The author is at her best in both books when--after carefully presenting a concept--she explains how she will bend the rules. In a section from "Furnishings" on Scale and Proportion, she states, "The old concept of small things in a small space simply isn't true. A couple of large objects in a small space can work splendidly…" and she goes on to explain why this works.

Reviewed by Curator of Horticultural Literature, Brian Thompson. Excerpted from the Winter 2014 Arboretum Bulletin.

Season: All Season
Date: 2014-03-12
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Keywords: Reviews

Garden Tool:

As a boy, I did not embrace the hobby of making models. Yes, I had a train set, but no desire to create a world of villages, forests, and the like to surround the tracks. Instead, I wanted to be outside in the garden and working with full-sized plants.

This makes me feel a bit inadequate to review "Gardening in Miniature" by Seattleite Janit Calvo. However it turns out that at its heart, this is a gardening book, with sound design advice and cultural tips, just all at 1:12 (one inch = one foot) scale, or even smaller.

"Using the basic garden tenets of anchor point, balance, layers, texture, color, and focal point, you can plan your miniature garden with confidence," the author states encouragingly. Step-by-step, fully planned projects provide lots of guidance for the beginner. I worried that plants would not stay to scale, and indeed they might not, but it's easy to swap plants in and out.

I learned from this that while there is some overlap in principles and techniques between miniature gardening and bonsai, they are largely distinct pursuits. However, they can be combined by making a bonsai the centerpiece of your miniature garden. Will I take up miniature gardening? Probably not. But my eyes have been opened to a whole new--and quite small--world.

Reviewed by Curator of Horticultural Literature, Brian Thompson. Excerpted from the Winter 2014 Arboretum Bulletin.

Season: All Season
Date: 2014-03-12
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Keywords: Reviews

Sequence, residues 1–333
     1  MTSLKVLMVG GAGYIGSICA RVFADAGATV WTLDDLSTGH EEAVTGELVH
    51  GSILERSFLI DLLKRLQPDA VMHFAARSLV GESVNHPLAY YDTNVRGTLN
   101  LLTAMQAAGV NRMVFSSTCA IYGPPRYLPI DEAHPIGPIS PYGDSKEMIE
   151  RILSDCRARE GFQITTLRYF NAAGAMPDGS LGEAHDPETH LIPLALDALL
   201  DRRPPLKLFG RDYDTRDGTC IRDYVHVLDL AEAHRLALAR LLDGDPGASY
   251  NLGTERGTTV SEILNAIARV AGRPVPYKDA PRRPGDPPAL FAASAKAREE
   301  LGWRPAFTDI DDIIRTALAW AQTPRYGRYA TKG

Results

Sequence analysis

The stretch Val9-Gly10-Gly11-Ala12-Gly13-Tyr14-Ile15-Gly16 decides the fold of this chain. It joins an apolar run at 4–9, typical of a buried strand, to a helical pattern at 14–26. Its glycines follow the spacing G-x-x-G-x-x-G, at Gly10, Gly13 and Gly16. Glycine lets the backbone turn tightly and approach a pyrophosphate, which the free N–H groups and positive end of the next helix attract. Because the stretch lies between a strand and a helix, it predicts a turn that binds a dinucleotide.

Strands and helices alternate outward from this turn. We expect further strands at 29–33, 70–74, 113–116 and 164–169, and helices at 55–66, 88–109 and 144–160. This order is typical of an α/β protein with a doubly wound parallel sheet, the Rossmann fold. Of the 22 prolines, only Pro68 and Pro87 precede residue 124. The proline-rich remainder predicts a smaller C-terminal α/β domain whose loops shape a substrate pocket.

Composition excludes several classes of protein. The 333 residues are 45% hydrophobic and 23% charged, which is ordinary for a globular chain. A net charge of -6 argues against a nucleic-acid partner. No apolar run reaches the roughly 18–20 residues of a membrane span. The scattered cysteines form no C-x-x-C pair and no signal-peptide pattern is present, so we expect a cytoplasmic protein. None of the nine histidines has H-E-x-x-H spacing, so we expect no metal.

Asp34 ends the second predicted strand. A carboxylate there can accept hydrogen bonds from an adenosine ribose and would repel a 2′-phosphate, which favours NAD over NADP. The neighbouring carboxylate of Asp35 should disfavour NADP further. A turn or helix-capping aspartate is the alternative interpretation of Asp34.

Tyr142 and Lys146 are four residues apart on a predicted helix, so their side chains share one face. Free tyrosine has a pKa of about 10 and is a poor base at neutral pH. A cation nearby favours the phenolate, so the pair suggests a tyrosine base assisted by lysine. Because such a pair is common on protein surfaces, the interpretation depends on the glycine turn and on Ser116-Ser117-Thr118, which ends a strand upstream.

Garden Tool:

Constance Sidles has written her third book of essays and observations on the Union Bay Natural Area titled "Fill of Joy: More Tales from Montlake Fill". Like her previous books, this includes many excellent photographs and other artistic interpretations of the site (in paintings, poetry, and even dance) and an updated bird list, now counting 255 species recorded since the 1890s.

The heart of the book remains Connie's self-deprecating humor and philosophies about life. While the bird life is her focus, she spots humans and other visitors, too. "When the joggers wheeze by…they smile and say hello. I don't know their names, but I know them. The dog walkers who keep their dogs leashed stop to chat while I ruffle their friends' ears; the dog walkers who let their dogs run free usually head the other way…my gimlet eyes are giving them the Look."

Reviewed by Curator of Horticultural Literature, Brian Thompson. Excerpted from the Winter 2014 Arboretum Bulletin.

Season: All Season
Date: 2014-03-12
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Keywords: Reviews

Garden Tool:

Evolution of the Genus Iris jacket

Evolution of the Genus Iris by Robert Michael Pyle (Lost Horse Press, 2014)

The title of Robert Michael Pyle's most recent book might fool readers into supposing it a scholarly treatise aimed at the ultra-specialist in the Family Iridaceae. Look inside the cover of Evolution of the Genus Iris and all will become clear: these are poems of everyday life from the particular perspective of a Pacific Northwest naturalist.

The Miller Library has several other books by Pyle (including Wintergreen about the ecology of the Willapa Hills, and The Butterflies of Cascadia : A Field Guide to All the Species of Washington, Oregon, and Surrounding Territories). These plain-spoken poems feature garden perennials, reflections on the Palouse Giant Earthworm, longhorn beetles, butterflies, banana slugs, and—how could I resist mentioning—a paean to librarians.

One of my favorites in this first collection of poems is "Botany Lesson: Cleome." It begins, "He called it bee balm, but I heard bee bomb." The poet and his friend are on a butterfly-collecting trip, encountering specimens of wild Cleome. Pyle points out that Theophrastus's coinage of Cleome was based on a mistaken notion that the plant was related to mustard, when it is actually "a caper called spider plant, or bee / plant, for the love of honeybees—but never bee balm." It's a poem of friendship and reminiscence as well as an observation about the complexities and accidental poetry of naming things.

Reviewed by Plant Answer Line Librarian Rebecca Alexander

Season: All Season
Date: 2014-07-23
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June 24 2013 12:55:25